Wednesday, July 25, 2012
Wednesday, July 11, 2012
Sunday, June 17, 2012
And so I tell you, every kind of sin and slander can be forgiven, but blasphemy against the Holy Spirit will not be forgiven…either in this age or in the age to come. (Matthew 12:31-32)
I smile as I recall my adolescent self reading this verse out of context and wondering if a particularly naughty curse, which I equated with blasphemy, might damn me or one of my friends for all eternity! Now understanding blasphemy as an adult, I have a deeper appreciation of Jesus’ words as Matthew quotes them: blasphemy is not a single sin but a characteristic of one who calls good “evil” and evil “good.” In defending himself and others against the criticism of detractors, Jesus emphasized that “a house divided against itself cannot stand;” nor can anyone who does the will of God be demonized as an agent of evil. (verse 26) No single instance of slander or blasphemy, then, is too great to be forgiven by a loving God. Only one’s continual rejection of godly love can “blaspheme against the Holy Spirit” by closing, on the receiver’s end, the circuit of repentance that God always seeks to complete. What do your faith traditions teach about blasphemy or about unpardonable sins?
There are two kinds of sins in Judaism, which mirror the two categories of mitzvot (commandments): sins against God and sins against fellow human beings. It would be natural to assume that, of the two, sins against God are more severe. For example, the Torah prescribes capital punishment for the sin of idolatry, which is viewed as treason against the King of kings. Blasphemy, however, is a sin of words and only considered a high crime if one blasphemes with the express purpose of leading others astray. Generally, actions against God and other people are punishable, while sins committed in one's heart or with one's words are left to God's judgment. The mechanism for seeking forgiveness for sins against God is the observance of fasting, prayer and repentance, especially on (but not limited to) Yom Kippur. We believe that a person who is truly repentant--who when faced with the temptation to commit a previous sin overcomes it--is forgiven by God.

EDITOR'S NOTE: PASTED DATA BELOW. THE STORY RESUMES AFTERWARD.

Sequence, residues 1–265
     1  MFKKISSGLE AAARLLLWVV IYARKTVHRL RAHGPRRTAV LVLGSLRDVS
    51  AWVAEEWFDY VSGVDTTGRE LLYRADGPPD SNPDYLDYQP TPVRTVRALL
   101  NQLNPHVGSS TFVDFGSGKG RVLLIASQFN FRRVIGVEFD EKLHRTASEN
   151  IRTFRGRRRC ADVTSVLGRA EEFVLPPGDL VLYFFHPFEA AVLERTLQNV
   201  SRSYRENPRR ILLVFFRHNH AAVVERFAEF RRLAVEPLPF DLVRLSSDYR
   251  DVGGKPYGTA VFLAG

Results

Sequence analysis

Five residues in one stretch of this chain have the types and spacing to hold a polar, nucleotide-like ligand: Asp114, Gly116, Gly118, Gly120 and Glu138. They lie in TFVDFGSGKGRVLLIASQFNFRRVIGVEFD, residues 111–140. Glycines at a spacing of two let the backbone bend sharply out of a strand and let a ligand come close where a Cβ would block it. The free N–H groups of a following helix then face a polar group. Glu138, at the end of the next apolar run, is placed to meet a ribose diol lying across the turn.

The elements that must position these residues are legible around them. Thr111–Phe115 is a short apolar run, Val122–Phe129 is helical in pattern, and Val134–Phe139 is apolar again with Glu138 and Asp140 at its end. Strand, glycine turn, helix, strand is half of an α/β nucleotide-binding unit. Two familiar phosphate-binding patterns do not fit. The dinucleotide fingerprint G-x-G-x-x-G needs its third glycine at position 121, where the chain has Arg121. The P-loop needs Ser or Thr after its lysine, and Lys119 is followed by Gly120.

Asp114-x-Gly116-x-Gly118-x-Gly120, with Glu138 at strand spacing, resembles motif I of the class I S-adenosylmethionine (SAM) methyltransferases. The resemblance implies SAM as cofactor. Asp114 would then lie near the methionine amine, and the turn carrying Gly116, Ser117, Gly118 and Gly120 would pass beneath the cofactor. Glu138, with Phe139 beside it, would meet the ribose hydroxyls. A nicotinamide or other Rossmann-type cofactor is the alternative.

Muslims believe that God is limitlessly Merciful, Forgiving and Clement, and for this reason He will repeatedly forgive the one who sincerely repents. However, on the Day of Judgment, the only sin that is not forgiven is associating other gods with God. The Quran says: "God forgiveth not [the sin of] joining other gods with Him; but He forgiveth whom He pleaseth other sins than this." (al-Nisa, 4:116) As for blasphemy--and I believe this is the case with any religion--there is a wide spectrum of offenses. Muslim law, like Jewish law, makes a distinction between one who blasphemes in private and one who blasphemes publicly--who has the intentional desire to propagate false information and sway others into believing inaccurate concepts about the religion. In the first case, the individual must ask forgiveness, and he or she is not subject to any punishment. In the latter case, the punishments differ based on the situation and are only applicable in an Islamic State.